Thursday, 2 August 2018


As a teenage visitor to the many record shops that existed in the early/mid seventies, I had flipped past the sleeve of Queen's debut album, so I was familiar with it. I also saw the posters for their appearance at my local rock club, Friars in Aylesbury in 1973. I was too young to attend. I was also aware when they supported my favourite band, Mott The Hoople, in 1974. They burst into my sphere with the Seven Seas Of Rhye single and then with Killer Queen. It was the era of glam and, while Freddie Mercury fitted the bill for a glam rocker, with his long, dark hair, black nail varnish and flouncy white blouses, there were still several bands/artists I preferred - Mott, Bowie, Roxy Music, and Cockney Rebel. Queen, at that point, came in the second section. I knew they were credible in comparison to say, out and out glammers like Sweet, but in many ways I saw them as imitators as opposed to innovators. Some have accused them of being run-of-the-mill chancers, but that is somewhat harsh.

After a good heavy rock single in Now I'm Here, everything changed with the release of the remarkable behemoth that was Bohemian Rhapsody. Until then, believe me, Queen were nothing special in anyone's minds. Yes, Sheer Heart Attack had proved to be their breakthrough album, but they were still not rock royalty by any stretch of the imagination.

The huge success of the single found everyone liking them and, for a few brief years, they became my favourite band, as Mott and Roxy had split up and punk had not yet arrived. I went to see them in concert at Earl's Court in 1977 when they were still long-haired and be-bloused. Much as I loved the excitement of that show, punk and new wave soon took over my thoughts and my brief obsession with Queen became something I wanted to put behind me. Freddie went moustachioed, leather-clad and short-haired and, by 1979-80, they were a band to be dismissed. Part of the indulgent, preposterous old guard.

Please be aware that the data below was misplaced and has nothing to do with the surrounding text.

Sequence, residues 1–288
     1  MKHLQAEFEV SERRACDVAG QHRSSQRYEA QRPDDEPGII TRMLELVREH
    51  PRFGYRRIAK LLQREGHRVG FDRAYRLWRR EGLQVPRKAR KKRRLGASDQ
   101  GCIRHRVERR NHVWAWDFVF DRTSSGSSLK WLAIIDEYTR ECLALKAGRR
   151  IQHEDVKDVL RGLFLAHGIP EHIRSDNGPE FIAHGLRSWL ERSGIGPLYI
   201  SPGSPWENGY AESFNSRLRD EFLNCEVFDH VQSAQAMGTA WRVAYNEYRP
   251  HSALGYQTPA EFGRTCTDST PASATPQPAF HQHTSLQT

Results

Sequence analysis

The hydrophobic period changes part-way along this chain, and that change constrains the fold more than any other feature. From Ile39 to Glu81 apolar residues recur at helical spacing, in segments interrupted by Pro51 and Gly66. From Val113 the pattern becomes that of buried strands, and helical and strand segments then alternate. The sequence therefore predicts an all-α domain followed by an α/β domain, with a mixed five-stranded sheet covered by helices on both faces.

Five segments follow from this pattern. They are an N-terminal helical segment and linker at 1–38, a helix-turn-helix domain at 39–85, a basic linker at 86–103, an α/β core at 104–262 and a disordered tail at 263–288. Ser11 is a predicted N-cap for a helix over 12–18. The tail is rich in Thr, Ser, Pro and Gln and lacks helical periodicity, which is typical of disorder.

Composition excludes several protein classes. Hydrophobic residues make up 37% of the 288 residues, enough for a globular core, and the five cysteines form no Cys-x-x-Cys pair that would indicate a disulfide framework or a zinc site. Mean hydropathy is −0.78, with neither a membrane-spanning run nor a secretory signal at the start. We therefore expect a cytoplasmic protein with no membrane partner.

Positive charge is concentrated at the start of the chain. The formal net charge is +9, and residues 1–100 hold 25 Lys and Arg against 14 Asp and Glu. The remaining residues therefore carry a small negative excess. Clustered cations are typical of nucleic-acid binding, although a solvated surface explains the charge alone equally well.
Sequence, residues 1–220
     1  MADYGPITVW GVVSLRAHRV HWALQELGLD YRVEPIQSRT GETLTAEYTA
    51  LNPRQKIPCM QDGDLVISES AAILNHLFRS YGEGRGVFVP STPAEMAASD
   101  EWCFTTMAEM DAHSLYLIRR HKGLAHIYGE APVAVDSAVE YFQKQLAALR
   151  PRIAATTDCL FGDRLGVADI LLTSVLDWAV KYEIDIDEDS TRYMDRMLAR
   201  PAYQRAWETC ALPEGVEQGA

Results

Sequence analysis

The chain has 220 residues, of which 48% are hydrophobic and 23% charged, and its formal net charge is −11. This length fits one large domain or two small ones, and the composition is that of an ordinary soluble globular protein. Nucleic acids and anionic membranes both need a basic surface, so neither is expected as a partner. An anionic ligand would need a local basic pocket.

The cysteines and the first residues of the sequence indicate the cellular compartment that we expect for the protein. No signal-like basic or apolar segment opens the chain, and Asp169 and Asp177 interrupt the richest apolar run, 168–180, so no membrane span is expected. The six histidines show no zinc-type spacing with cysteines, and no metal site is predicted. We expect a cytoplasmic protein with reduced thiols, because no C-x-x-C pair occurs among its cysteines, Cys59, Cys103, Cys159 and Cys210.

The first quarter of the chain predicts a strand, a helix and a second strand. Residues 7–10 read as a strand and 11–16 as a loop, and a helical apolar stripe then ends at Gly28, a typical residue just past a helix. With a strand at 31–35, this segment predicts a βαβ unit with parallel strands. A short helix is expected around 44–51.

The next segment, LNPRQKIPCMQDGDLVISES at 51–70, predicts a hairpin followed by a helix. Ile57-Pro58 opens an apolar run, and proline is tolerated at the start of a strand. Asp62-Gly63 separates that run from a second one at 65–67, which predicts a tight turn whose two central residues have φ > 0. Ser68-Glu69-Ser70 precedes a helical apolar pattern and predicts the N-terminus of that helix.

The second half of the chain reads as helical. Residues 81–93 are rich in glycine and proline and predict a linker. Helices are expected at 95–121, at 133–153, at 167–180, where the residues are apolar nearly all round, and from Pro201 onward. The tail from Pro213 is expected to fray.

By 1984-85, they had a renaissance, rubber-stamped by the triumphant appearance at Live Aid that found me feeling affectionately proud of my faves from nine years earlier. They then garnered a whole host of new fans who knew little of Now I'm Here, Ogre Battle or The Fairy-Feller's Master-Stroke. They wanted to clap in unison to Radio GaGa, and they did, in their thousands. National treasurehood beckoned, the hits came thick and fast, then Freddie died and the whole world grieved, including old fans like me. The current craze for Queen nostalgia inspired by the Mercury biopic leaves me a bit cold, particularly with the movie's many inaccuracies, but every now and again I play the old "side two" of Queen II. That, for me, was Queen at their very best.

LIST OF CATEGORIES (click on a category to read detailed, album-by-album reviews)

The Early Years (1973-1978)
The Second Phase (1980-1991)

Queen - All Live Recordings


                  FREDDIE MERCURY

                       1946 - 1991